About This Image
Photograph has stamp "Kefer-Dora Maar - Mention Obligatoire - 45 Bis Bd. Richard Wallace Neuilly Sur Seine" on verso. Also has Dora Marr estate sale stamp on verso.
Dora Maar (November 22, 1907 – July 16, 1997) was a French photographer, poet and painter of Croatian descent, best known for being a lover and muse of Pablo Picasso. Maar's first photography exhibition was at the Galerie de Beaune in Paris, in 1937. She had one-woman exhibitions of painting in Paris at Jeanne Bucher (1943) and Pierre Loeb (1945).
After a period of semi-monastic life devoted to mystical experience, she began exhibiting her paintings again during the 1950s. Towards the end of her life, she renounced her earlier association with Surrealism.
Maar supported herself in the 1920s and 1930s as a commercial photographer with portraits and advertisements, and pursued street photography and avant-garde experimentation in her spare time. She was prominent in Parisian art and photography circles.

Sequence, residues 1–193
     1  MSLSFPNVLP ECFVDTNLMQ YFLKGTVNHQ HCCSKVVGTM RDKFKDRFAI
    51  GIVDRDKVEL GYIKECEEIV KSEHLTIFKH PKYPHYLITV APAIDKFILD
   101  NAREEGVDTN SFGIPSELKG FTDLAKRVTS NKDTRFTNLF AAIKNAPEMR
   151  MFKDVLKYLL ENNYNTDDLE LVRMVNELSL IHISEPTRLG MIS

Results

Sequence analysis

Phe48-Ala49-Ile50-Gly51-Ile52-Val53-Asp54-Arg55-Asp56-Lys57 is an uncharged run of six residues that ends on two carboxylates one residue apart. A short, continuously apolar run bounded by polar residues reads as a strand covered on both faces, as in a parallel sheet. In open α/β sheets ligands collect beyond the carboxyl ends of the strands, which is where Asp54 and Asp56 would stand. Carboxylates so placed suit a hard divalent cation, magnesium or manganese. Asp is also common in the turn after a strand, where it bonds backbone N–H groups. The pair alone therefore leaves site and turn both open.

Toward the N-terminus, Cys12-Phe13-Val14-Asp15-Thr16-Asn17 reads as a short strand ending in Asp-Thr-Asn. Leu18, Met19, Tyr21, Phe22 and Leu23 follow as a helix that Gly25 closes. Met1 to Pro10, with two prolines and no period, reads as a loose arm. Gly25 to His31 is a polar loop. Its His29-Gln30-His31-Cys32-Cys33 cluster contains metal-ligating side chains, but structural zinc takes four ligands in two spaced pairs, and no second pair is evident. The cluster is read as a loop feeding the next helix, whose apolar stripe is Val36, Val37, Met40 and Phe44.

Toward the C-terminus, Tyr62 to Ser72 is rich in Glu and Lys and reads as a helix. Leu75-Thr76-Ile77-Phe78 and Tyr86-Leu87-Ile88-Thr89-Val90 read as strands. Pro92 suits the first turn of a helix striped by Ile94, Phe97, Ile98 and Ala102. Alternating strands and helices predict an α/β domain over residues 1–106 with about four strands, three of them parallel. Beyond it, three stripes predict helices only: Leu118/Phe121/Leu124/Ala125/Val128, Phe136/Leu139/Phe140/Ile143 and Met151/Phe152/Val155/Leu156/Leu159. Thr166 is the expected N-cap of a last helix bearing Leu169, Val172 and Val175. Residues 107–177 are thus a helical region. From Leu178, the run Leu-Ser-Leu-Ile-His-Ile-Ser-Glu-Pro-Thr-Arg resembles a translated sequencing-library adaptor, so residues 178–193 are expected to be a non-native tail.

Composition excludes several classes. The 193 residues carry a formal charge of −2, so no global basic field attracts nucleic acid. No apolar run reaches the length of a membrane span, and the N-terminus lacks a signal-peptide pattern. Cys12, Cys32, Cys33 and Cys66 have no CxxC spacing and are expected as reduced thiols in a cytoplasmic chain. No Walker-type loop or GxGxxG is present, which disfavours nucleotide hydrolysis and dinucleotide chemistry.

In her photographs, Maar imbued blind beggars and impoverished children with unusual dignity; made distinctively austere Surrealist collages, montages and setup images (a pair of shoes seemingly walking on a beach); and created two haunting works using the ceiling of a cathedral, turned upside down.
She got on film what might be called street Surrealism: a discarded doll, hanging from a nail on a wood fence; a group of tussling children with an extra pair of legs. Her photographic work has a distinctive formal clarity and emotional directness.
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Medium Silver print
Photo Date 1930c Print Date 1930c
Dimensions 10-3/4 x 9-1/2 in. (273 x 241 mm)
Photo Country France
Photographer Country France